London has been a major financial centre for centuries and there’s no sign of that changing anytime soon – even with Brexit. London’s geographical advantage of being between the US and Asia markets means the whole financial world is in play. But there are more London finance jobs than just traders and brokers out there. But your degree in finance will help you land a variety of finance jobs in London.
Finance jobs that are right for you.
While the temptation to follow the money and take a position as a trader or stock broker is very real, these finance jobs aren’t for everyone. Finding a London finance job that makes you happy and appeals to your strengths is far more important. A corner office is nice but dreading the time you spend there isn’t. So, consider the following positions and find the one that’s right for you!
If you’ve got your eyes set on being Head of Finance one day, you’ll need to work your way up starting from a position as a finance officer. All major corporations have finance jobs and finance officers help clients and colleagues with financial support. Tasks range from preparing budgets and balance sheets to resolving financial disputes and supporting the finance manager with daily tasks. Finance degrees are usually required to be considered for the position. However, a business or mathematics degree will usually suffice. The ability to use SAP and Quickbooks is also a plus as much of your work will be done electronically.
Salary numbers for finance officers show an average annual salary of around £36,000. However, applying for entry level positions without any experience the salary drops to around £29,000 with the ceiling for experienced professionals capping out at £65,000.
Working with other investment analysts in a company, a junior investment analyst is primarily responsible for providing investment data and recommendations to fund managers. You can find this finance job at investment banks and private equity firms to charities and insurance companies. Researching companies, analysing and interpreting financial data, and staying up-to-date on economic trends and financial markets are normal tasks for junior investment analysts. Having a certification from the Chartered Institute for Securities and Investment or through the CFA Institute will help secure finance jobs and quicken the pace for becoming an investment analyst with your own clients.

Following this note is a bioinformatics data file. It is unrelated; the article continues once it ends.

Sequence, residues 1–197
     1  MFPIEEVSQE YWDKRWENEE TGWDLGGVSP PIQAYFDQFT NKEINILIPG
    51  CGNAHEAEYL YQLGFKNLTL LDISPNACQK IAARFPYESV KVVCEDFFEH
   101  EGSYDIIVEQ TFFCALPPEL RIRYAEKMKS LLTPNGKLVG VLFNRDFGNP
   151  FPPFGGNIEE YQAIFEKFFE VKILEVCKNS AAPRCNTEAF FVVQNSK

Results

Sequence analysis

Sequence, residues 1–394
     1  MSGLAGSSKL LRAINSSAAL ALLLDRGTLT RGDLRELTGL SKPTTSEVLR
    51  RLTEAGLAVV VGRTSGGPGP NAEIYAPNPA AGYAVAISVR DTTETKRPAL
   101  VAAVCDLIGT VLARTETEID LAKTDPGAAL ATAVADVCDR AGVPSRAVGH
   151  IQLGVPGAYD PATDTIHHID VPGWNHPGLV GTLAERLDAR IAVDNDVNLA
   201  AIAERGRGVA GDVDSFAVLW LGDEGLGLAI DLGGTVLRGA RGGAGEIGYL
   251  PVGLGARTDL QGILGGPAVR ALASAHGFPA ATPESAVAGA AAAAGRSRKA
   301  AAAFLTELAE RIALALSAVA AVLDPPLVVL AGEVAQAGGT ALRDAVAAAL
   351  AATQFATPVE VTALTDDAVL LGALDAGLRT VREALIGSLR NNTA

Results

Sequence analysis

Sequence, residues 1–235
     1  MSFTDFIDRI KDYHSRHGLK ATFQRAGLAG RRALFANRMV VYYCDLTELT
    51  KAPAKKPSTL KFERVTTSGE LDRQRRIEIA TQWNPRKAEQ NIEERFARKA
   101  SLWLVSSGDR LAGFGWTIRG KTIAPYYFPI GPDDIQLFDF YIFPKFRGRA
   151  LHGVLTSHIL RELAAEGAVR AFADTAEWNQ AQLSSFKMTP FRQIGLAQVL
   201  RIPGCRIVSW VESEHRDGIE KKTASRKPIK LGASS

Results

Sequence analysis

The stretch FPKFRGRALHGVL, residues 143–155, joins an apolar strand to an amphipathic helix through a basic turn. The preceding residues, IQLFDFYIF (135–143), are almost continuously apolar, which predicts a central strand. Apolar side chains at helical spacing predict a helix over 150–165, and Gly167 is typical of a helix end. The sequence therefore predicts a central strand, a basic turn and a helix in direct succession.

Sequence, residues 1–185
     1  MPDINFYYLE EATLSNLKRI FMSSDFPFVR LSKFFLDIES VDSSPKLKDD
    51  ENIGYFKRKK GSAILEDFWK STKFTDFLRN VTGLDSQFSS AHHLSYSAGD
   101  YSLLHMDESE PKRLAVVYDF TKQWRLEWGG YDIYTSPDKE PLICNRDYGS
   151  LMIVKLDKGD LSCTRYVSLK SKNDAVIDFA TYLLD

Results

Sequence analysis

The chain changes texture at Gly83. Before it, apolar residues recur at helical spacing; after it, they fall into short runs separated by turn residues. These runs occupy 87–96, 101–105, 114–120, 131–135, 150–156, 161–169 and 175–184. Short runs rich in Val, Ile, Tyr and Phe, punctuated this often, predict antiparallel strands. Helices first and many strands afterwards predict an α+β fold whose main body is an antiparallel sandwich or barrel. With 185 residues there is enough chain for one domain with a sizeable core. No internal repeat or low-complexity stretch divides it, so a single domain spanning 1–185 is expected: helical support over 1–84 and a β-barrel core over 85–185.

For someone looking at an entry level position, an annual salary for positions as a junior investment analyst average around £32,000. After a few years of experience and a growing client pool of your own, salaries in the range of £45,000 to £55,000 are common. But don’t forget about performance based bonuses on top of those numbers.
Ever wonder who’s in charge of those credit applications at banks and retail stores? That would be the credit manager. These finance jobs are responsible for applying an institution’s credit policy with consistency while assessing an applicant’s creditworthiness. 4 or 5 years of experience are usually required to be considered for the position. Degrees in finance, accounting or business are typical requirements, as well. However, experience with credit ratings and credit accounts also make a big difference. You won’t have any problem finding companies or banks looking for credit managers in London.
You can expect an average salary of around £52,000 for positions requiring a few years of experience. Once you’ve worked at the same company for another few years you can see your salary grow to as much as £80,000.